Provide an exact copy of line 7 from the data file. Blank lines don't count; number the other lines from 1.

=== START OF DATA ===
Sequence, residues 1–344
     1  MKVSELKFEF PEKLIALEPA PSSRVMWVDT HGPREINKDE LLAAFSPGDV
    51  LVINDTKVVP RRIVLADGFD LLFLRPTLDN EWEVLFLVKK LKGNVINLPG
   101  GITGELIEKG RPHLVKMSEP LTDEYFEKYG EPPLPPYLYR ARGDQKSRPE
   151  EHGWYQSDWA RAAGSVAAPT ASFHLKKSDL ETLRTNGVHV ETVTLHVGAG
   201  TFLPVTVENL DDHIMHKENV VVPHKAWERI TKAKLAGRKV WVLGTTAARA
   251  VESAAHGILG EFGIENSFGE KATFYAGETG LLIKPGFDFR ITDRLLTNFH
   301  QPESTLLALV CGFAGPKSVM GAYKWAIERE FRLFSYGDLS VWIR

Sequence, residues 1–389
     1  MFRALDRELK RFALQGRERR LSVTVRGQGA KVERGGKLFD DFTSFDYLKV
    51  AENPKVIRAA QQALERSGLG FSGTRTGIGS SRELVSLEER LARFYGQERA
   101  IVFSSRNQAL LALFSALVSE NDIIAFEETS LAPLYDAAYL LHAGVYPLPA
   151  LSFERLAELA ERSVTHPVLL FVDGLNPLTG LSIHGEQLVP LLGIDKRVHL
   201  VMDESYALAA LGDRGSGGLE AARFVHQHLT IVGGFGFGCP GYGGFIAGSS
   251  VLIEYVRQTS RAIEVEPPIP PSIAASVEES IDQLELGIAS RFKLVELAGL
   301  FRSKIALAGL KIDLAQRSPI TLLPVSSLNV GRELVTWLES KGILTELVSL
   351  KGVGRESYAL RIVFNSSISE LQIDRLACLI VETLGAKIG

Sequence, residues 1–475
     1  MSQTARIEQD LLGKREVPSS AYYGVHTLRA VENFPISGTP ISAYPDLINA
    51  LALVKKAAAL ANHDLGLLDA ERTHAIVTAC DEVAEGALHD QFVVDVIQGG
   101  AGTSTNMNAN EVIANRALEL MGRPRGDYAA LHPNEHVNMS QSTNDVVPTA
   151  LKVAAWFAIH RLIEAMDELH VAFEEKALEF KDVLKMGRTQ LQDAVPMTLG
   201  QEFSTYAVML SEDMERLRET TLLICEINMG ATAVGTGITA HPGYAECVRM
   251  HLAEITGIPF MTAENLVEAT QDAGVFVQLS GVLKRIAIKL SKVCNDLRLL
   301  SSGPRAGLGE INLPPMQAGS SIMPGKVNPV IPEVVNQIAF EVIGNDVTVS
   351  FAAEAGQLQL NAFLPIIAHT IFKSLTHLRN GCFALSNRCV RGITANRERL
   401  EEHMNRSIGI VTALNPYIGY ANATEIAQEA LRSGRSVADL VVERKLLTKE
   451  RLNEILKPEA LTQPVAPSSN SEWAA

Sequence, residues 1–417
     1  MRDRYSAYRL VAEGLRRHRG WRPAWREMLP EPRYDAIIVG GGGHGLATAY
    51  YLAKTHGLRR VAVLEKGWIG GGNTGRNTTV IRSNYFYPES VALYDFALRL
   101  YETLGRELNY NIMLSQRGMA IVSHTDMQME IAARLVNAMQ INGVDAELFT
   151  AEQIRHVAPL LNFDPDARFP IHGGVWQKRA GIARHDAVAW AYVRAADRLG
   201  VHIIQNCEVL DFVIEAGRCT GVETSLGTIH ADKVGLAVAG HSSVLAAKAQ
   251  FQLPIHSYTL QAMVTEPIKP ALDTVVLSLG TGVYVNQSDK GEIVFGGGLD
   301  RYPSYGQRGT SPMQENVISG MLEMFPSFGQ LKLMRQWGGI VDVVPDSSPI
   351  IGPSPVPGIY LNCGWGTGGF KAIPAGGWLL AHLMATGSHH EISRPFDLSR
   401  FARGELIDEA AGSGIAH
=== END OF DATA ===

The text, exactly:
   251  VESAAHGILG EFGIENSFGE KATFYAGETG LLIKPGFDFR ITDRLLTNFH